The Manhattan Essential presents: The New Exposition Building

TEMThe New Exposition Building

Those claiming our fair city has forsaken innovation before the bleakness of our times need only travel along Broadway, 5th Avenue, or 22nd Street–the busy sinew that ties our beloved Manhattan together–and cast their eyes upward. There they shall find a breathtaking renunciation.

Constructed for the 1896 New York Exposition Fair, this modern-day palace boasts twenty-three stories, advanced elevators, a forced-water fire suppression system and impenetrable foundations to hold safe its many inhabitants. Councilman Charles Taffy (may his wisdom persist!) paid for many of the improvements out of his own pocket; loathsome anarchists and the ever-envious agents of Philadelphia shall find no chinks in the New Exposition Building’s modern armor.

Its glittering flanks are guarded by nothing less than the divine: a total of six-hundred-and-fifty-four copper angels, each shaped by the artistes of Fohrmann Inc. in poses of unearthly beauty. Many of these cling to manfully to gigantic, glass globes set with electric lamps provided by the marvelous workshops of the New Edison Company. As the poet Ginn Wing-Holland wrote from Blackwell’s Lunatic Asylum: “The night sky itself envies the Teapot.”

In mentioning this incredible edifice’s charming nickname, we arrive at the most marvelous of its accouterments: the Exposition Elephant. No tawdry torchbearer or dull flagpole for this, our avatar of Flow Deco and the modern style, nothing less than a vast, rearing elephant shall serve. For upon the sixteenth floor stands that wise yet fierce lord of Lost Africa, his mighty bulk reaching well past the airship dock to trumpet the greatness of Manhattan to the vassal states and beyond. The gold foil that covers the Teapot’s incredible crown would feed Manhattan for two weeks, and its shining trunk can be seen clear past unfortunate Bronx on a clear morning.jeffersonsays_waxwell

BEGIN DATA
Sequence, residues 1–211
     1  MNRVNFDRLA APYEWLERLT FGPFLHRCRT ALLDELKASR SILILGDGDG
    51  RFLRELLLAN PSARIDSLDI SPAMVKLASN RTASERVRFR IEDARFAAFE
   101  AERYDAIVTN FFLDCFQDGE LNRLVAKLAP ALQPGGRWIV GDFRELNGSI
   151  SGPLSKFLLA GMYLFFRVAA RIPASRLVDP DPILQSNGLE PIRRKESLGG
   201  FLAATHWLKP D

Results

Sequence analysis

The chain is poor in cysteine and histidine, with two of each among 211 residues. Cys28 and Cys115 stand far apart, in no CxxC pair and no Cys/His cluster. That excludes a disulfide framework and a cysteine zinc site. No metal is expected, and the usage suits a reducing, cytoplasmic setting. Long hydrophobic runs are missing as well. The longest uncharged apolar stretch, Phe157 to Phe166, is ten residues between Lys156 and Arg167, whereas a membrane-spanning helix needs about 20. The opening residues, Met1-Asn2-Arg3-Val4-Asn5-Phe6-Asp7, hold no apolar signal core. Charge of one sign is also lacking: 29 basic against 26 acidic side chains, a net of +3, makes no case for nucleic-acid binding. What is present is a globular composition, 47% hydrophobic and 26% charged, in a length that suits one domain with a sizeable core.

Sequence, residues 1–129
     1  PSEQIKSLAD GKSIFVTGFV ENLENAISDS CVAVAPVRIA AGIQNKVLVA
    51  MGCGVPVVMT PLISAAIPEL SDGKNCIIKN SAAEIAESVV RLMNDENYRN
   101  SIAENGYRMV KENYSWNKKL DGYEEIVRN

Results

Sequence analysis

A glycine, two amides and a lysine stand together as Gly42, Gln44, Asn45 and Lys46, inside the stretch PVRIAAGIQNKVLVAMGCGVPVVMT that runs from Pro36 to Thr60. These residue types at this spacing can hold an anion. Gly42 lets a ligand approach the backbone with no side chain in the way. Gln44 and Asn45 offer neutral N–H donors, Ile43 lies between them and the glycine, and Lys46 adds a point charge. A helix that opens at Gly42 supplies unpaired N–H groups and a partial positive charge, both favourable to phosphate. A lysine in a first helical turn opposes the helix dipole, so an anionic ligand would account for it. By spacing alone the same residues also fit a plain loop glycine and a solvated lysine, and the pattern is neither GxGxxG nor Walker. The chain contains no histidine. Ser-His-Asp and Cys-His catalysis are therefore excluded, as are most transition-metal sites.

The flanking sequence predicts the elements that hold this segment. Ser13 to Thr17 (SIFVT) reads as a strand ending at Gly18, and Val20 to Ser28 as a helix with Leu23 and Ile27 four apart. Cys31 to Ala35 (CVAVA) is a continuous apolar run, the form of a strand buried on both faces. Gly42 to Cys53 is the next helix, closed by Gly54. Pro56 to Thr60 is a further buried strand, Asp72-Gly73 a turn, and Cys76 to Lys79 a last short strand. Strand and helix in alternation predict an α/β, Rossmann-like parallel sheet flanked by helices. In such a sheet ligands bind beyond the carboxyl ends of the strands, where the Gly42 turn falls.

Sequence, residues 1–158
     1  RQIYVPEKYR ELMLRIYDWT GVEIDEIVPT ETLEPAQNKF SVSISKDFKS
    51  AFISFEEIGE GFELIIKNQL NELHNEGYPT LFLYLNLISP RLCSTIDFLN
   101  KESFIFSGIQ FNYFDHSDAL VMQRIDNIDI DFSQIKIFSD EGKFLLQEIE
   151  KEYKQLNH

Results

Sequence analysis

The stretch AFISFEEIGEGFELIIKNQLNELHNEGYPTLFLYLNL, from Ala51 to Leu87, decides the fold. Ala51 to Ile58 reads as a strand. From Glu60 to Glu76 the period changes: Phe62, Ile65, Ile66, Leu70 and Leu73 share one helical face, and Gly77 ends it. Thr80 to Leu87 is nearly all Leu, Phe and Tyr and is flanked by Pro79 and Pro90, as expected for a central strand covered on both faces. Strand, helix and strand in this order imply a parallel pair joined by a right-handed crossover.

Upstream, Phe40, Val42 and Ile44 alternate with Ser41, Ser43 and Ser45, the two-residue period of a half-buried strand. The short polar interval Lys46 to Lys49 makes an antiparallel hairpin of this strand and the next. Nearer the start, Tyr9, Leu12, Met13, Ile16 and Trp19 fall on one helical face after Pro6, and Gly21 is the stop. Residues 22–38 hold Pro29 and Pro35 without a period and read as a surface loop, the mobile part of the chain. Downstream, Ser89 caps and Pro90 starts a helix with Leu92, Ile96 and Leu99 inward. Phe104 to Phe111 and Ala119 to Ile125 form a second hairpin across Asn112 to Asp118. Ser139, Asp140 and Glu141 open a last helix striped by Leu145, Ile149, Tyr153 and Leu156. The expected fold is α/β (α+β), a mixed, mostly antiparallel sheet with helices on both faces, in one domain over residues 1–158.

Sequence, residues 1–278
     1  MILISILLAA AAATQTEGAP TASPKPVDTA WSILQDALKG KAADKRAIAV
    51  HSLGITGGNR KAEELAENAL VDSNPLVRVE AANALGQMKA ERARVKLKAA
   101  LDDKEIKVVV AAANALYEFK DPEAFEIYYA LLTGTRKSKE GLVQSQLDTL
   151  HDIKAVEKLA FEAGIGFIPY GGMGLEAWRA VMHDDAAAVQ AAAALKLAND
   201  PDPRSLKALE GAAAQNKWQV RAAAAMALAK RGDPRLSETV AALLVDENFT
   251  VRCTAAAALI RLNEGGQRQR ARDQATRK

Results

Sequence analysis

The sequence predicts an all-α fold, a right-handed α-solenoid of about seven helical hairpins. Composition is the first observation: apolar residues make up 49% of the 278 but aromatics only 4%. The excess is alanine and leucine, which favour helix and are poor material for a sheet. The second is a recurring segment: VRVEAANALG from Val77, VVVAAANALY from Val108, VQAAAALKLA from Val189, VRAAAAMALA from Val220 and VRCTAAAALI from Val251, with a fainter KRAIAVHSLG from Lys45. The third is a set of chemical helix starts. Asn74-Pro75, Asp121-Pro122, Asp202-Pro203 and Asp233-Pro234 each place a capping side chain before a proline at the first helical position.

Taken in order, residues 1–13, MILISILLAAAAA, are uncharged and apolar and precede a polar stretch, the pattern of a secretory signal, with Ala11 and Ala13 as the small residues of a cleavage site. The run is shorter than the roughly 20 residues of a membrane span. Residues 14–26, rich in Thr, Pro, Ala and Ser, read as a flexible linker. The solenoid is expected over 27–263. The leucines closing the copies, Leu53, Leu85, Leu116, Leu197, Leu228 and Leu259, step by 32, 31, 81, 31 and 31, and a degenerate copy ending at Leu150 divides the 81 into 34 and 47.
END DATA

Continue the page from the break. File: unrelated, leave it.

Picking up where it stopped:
The interior of the Teapot is no less impressive than the exterior. The visitor that steps within the vaulted doors must take care–women and gentler men have fainted clear away. Above the gleaming marble is a lobby that stretches five stories above the astonished head; cased in burnished metal, pneumatic elevators and ornate walkways, this space forms the City Sideways. All of the commerce of Mulberry Street, hundreds of feet in the air. Now that’s something to tell your grandchildren about!

Above all of this grandeur flows the blood that sustains this, our great city’s gilded heart. All seventeen of the largest financial firms call the New Exposition Building home, as do a number of prestigious lawyers, shipping magnates and industrial boards. These good citizens provide for the bread that nourishes our stomachs, the truncheon that protects and corrects with equal vigor, and the concrete that shields our very step from the horrors that lie beneath the City of the Isle.

Thankfully, these paragons of capitalistic virtue do so from the comfort of the New Exposition Building–the true heart of Manhattan!

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